After 97 years spent lounging in Copenhagen’s Langelinie Quay, this March she was shipped some 5,100 miles away to capture the hearts and, eventually, tourist dollars of millions of Chinese visiting the 2010 World Expo in Shanghai, China. She would be missed, and many Danes didn’t approve of her trip, but her voyage abroad proved to be a resounding success: over the course of her six-month assignment, Denmark’s most-famous resident was seen by more than 5.5 million people, or 30,000 a day, according to The Copenhagen Post.
The Little Mermaid, imagined by Hans Christian Andersen in 1837 and sculpted by Edvard Eriksen in 1913, had done her job well, and on a wintery Saturday afternoon in late-November she made her triumphant return home; hundreds of cheering, bundled-up Danes were there to greet her as a crane lowered her back into the harbour. A week later and like millions before me over the years, I was fortunate to see Denmark’s famous enchantress for myself in person.
The snow hadn’t let up since the moment our cramped flight on Iceland Air touched down at Copenhagen Airport two days earlier, and on the morning of our planned visit, biting-cold winds added to the unseasonably early winter fun. No matter: after filling up on our cozy hotel’s typically delicious European breakfast spread (strong cheeses, fresh bread, scrambled eggs, potatoes, pancakes, Nutella), we set a course due north, trekking along the iced-over sidewalks of Toldbadgade and through the slush-covered grounds of Amalienborg Palace.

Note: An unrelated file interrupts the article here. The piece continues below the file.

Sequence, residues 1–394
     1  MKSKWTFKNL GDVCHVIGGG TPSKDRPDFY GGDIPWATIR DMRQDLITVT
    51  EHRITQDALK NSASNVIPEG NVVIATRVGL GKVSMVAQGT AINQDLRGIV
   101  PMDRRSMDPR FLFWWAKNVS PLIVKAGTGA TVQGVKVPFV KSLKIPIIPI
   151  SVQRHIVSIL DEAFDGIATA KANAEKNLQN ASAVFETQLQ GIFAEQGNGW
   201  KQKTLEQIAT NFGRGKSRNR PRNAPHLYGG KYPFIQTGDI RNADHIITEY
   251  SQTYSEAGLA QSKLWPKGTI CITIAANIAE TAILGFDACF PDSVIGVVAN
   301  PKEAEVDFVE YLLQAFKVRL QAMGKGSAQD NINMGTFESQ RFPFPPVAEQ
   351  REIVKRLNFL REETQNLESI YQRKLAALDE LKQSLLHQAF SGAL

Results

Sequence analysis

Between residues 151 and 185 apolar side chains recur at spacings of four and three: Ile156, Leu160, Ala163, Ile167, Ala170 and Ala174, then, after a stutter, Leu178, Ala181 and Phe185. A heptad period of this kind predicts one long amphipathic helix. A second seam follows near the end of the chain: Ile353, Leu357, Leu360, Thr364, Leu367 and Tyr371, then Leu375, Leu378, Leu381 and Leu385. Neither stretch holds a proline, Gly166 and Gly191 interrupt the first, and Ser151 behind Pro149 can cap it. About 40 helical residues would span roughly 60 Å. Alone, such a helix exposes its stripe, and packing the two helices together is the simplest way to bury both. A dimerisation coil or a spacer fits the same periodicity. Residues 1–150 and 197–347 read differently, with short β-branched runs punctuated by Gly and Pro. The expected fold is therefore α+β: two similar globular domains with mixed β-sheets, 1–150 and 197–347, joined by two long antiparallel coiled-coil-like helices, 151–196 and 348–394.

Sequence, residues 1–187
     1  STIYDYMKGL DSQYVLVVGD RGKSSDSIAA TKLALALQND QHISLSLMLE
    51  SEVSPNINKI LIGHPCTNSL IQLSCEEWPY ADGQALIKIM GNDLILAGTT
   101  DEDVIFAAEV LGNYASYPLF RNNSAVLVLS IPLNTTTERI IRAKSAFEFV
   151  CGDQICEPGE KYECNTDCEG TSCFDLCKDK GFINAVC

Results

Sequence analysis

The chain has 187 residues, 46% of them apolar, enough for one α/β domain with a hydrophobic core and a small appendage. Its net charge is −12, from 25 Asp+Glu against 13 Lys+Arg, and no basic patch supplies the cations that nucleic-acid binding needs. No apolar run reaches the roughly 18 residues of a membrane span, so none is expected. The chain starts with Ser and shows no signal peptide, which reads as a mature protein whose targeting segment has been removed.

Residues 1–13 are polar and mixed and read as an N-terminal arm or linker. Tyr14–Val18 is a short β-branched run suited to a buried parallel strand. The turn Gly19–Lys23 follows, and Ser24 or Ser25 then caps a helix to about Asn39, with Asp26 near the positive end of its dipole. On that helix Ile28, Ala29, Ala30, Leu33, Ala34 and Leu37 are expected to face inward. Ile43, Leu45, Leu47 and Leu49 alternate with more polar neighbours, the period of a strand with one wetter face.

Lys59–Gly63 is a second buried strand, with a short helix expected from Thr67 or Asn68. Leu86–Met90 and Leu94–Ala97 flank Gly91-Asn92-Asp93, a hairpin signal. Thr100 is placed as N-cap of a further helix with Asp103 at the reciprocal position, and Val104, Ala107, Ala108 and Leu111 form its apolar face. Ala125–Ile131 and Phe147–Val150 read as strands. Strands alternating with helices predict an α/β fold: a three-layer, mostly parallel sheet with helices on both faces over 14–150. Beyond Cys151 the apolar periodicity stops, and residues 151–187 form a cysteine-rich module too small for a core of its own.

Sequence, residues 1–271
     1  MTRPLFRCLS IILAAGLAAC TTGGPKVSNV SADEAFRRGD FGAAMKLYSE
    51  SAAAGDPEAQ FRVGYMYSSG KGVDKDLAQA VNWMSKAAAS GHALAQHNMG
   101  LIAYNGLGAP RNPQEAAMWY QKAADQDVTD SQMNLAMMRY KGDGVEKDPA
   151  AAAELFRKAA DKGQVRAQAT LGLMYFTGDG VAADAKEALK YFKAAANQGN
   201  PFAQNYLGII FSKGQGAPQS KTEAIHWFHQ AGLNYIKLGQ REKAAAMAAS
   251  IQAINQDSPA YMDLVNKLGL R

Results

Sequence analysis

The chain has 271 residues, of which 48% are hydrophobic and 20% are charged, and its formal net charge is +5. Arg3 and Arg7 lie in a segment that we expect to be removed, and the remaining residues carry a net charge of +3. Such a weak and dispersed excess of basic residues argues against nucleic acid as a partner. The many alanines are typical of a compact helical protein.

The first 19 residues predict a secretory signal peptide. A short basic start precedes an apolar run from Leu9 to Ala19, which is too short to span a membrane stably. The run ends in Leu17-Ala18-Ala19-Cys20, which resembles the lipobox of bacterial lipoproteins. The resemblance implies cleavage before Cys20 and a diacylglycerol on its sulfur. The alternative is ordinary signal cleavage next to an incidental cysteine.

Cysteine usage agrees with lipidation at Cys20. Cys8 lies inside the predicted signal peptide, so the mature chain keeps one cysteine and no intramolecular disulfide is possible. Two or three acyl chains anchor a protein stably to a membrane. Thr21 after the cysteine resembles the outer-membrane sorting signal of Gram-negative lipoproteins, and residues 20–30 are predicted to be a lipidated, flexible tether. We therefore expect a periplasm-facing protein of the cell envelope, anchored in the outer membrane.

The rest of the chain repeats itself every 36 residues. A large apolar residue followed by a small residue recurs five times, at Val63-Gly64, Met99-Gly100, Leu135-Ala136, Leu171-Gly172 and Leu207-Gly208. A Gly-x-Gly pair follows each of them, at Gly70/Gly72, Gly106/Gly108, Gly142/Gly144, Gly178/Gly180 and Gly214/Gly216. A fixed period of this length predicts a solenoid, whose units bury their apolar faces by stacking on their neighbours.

My high-top sneakers were soaked through within minutes, and I thought about how Luke Skywalker must have felt stumbling through the snowy abyss of Hoth after escaping the wampa; unfortunately, nobody was around to shelter me in the warmth of Tauntaun guts. Undeterred by the elements, we pressed on up Amaliegade until we reached Churchillparken, located in the northeastern corner of Copenhagen.
I’ve been to Scandinavia once before, spending four nights in Oslo exactly seven years prior to my Denmark visit; November isn’t exactly the high-tourism season in Copenhagen, but obviously I don’t mind winter travel to wintery destinations. After all, lounging on a Caribbean beach in late November is just so cliché.
As we passed vacant St. Albans Church, built in 1885 and still the only Anglican chuch in the country, I forgot about the frostbite settling into my toes for a moment and was reminded why I find this time of the year so captivating. The blinding blizzard briefly turned to a gentle snowfall, the wind slowed from insufferable to tolerable, and all was suddenly quiet: save for a lone (and clearly insane) jogger carefully picking her way across the ice, we were alone in a postcard-perfect portrait of winter in Copenhagen.
We were getting close to the city’s “little leading lady”, walking along the shore of Copenhagen Harbour, laughably freezing winds blowing into our numbed-red faces, and snow coating us like white sprinkles on a frosted Christmas sugar cookie. Finally, there she was, the world’s most-famous mermaid and Denmark’s summer ambassador to China. I clambored down the rocks, cozied up as close to her as possible, and smiled for the camera.
Latest posts by Brian Spencer (see all)
- In Manila, a Famous Brooklyn Pizzeria Deserves Better (But Thanks for the Free Booze) - March 27, 2015
- On Global Post-Tourism and Travelized Gentrification - March 20, 2015
- In Tokyo, Pizza That Makes Megadeth Swoon - March 13, 2015
- Visiting a Japanese Onsen, or Learning to Love Letting It All Hang Out - March 6, 2015